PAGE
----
The opening of the Suez and the Panama Canal in 1869 respectively 1914 lead to a boom for container shipping.
However, due to high charges, the first freight forwarders and carriers are already switching to other routes.
In 1869 the Suez Canal was opened and a bit more than 50 years later the Panama Canal. These events are marking milestones within the history of shipping cargo on sea and changed the trade for freight forwarders fundamentally. For the very first time, container ships did no longer have to pass the Cape of Good Hope and Cape Hoorn for delivering their cargo from the US East Cost to Asia. Freight forwarders and carriers were not only able to ship their cargo faster from the USA to Asia but also were able to
save the expensive marine diesel.
Carriers are paying high prices for thoroughfare
At the same time, bordering countries are benefiting from the charges they put on Carriers for using the passage with their cargo ships. For Panama, the artificial waterway that links the Pacific and the Atlantic is an important source of income: From more than 300,000 dollars per cargo ship which freight forwarders have to pay for passing through the strait, the charges bring one billion dollar each year for the country. Egypt charges similarly high fees on freight forwarders and carriers for using the passage for their ships and cargo.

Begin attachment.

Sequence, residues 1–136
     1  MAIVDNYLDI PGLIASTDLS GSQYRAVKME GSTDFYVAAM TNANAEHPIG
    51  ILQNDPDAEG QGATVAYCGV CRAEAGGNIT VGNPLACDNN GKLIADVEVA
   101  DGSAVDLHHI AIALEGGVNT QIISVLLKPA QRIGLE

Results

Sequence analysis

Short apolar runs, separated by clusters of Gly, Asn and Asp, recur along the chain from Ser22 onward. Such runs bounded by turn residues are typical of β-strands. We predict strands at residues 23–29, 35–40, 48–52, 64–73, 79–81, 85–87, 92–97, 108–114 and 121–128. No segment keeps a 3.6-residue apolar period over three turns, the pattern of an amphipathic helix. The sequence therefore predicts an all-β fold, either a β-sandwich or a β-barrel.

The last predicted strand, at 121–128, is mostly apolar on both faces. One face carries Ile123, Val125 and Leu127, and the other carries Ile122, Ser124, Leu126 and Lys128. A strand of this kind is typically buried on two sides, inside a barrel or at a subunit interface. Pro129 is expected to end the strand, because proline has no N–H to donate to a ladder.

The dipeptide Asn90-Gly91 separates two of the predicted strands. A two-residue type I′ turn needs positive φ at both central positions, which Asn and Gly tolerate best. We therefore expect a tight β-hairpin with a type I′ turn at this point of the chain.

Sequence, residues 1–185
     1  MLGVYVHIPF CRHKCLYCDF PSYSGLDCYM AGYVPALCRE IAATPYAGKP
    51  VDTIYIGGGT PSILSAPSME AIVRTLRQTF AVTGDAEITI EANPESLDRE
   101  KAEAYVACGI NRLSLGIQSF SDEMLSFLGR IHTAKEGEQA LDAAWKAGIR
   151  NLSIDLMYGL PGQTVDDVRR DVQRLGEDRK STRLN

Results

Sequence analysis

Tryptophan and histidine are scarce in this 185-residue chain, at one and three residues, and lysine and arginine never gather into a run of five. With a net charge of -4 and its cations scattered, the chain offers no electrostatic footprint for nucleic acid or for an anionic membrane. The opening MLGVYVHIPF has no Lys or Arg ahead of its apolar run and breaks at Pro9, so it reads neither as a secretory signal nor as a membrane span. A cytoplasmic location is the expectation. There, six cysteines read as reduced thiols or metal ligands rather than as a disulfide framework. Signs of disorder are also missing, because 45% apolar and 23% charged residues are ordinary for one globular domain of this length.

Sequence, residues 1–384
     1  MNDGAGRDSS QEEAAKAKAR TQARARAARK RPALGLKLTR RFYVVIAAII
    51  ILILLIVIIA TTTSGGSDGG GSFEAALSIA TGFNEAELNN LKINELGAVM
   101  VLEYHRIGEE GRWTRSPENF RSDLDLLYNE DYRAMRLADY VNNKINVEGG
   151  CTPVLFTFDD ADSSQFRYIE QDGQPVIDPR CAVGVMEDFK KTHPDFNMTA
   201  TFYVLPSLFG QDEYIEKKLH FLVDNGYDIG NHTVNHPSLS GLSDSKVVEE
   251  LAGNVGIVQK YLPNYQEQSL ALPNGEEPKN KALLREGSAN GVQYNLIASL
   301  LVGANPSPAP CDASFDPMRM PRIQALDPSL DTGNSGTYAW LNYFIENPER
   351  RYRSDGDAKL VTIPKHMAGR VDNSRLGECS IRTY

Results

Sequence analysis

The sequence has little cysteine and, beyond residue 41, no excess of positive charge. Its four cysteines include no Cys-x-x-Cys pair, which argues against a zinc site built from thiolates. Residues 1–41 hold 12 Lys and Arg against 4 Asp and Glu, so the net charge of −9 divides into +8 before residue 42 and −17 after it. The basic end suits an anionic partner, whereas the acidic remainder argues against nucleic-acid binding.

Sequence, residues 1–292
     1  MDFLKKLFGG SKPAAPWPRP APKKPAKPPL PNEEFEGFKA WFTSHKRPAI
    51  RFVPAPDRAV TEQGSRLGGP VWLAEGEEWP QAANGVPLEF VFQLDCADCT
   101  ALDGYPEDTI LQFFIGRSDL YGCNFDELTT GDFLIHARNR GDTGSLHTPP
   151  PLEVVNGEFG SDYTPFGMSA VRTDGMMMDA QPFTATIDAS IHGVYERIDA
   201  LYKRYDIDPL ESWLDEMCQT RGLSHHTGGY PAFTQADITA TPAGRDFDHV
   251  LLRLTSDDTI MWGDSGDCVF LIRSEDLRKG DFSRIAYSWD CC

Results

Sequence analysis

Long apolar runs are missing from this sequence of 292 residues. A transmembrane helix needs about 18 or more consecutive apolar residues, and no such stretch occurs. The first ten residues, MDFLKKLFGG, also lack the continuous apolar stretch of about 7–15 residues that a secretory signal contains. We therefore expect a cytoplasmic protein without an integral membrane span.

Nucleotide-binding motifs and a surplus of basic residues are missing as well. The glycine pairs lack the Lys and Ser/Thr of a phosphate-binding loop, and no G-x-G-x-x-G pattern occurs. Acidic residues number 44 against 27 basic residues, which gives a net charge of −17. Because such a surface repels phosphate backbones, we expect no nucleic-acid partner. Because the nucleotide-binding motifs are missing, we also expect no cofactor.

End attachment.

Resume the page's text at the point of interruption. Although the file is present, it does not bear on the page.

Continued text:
Low marine diesel price opens up alternatives for freight forwarders
Many companies consider these fees being too high now. Container shipping trade has been in a crisis for seven years. Carriers are hardly making profit anymore. And with the marine
diesel prices dramatic slump in March 2016 onto less than 150 dollar – almost two thirds compared to the previous year -, an alternative seems to have suddenly appeared for the two waterways: The freight shipping over South America and South Africa. Since 2015, especially the route over the Cape of Good Hope has been used more frequently from the first freight forwarders and carriers – despite the detour of almost 6,500km for ships and their cargo. In view of the cheap marine diesel for freight forwarders to ship heir cargo, this detour hardly matters.
Does the Panama Canal need to worry about competition?
In addition, other countries have been noticing the profitable business by the high income as well. By the end of 2014,Nicaragua started a construction project that connects the East Cost of the USA with Asia in order to compete against the Panama Canal. Nicaragua hopes to make big profit with the charges on freight forwarders and carriers, while the freight forwarders and carriers hope that Panamas monopoly might break away. But so far the constructions are advancing very slowly and some freight
forwarders are starting to worry that Nicaragua might have overreached itself with the planning and financing of this giant project. At least in Panama they seem to consider the freight forwarders’ and carriers’ hopes for rather unrealistic and have already announced an enlargement of the canal.